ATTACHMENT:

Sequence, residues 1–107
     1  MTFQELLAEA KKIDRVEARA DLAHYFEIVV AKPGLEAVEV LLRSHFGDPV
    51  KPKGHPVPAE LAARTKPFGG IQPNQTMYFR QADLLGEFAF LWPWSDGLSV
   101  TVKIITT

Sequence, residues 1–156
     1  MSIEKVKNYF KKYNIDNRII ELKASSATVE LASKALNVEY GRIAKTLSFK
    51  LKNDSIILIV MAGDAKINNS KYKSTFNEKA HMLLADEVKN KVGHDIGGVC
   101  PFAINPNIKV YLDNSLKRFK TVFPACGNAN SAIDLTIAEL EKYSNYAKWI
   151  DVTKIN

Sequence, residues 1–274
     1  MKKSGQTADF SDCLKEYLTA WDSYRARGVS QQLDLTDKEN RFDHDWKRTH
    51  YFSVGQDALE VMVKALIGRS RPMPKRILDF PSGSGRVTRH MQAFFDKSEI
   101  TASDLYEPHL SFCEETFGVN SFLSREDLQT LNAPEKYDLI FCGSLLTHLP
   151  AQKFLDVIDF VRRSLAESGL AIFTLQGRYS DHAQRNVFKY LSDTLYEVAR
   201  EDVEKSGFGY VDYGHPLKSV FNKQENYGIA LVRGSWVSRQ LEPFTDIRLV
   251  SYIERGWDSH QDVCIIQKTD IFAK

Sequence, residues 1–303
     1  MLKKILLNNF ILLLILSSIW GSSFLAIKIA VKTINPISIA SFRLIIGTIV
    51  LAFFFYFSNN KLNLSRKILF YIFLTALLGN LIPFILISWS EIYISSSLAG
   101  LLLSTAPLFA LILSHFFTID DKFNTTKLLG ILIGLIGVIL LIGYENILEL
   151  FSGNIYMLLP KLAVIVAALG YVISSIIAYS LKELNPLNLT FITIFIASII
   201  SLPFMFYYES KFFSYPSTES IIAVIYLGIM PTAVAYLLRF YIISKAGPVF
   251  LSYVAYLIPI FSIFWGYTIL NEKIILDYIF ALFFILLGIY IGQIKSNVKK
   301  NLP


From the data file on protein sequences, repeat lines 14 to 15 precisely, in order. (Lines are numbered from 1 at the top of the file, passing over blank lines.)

   151  AQKFLDVIDF VRRSLAESGL AIFTLQGRYS DHAQRNVFKY LSDTLYEVAR
   201  EDVEKSGFGY VDYGHPLKSV FNKQENYGIA LVRGSWVSRQ LEPFTDIRLV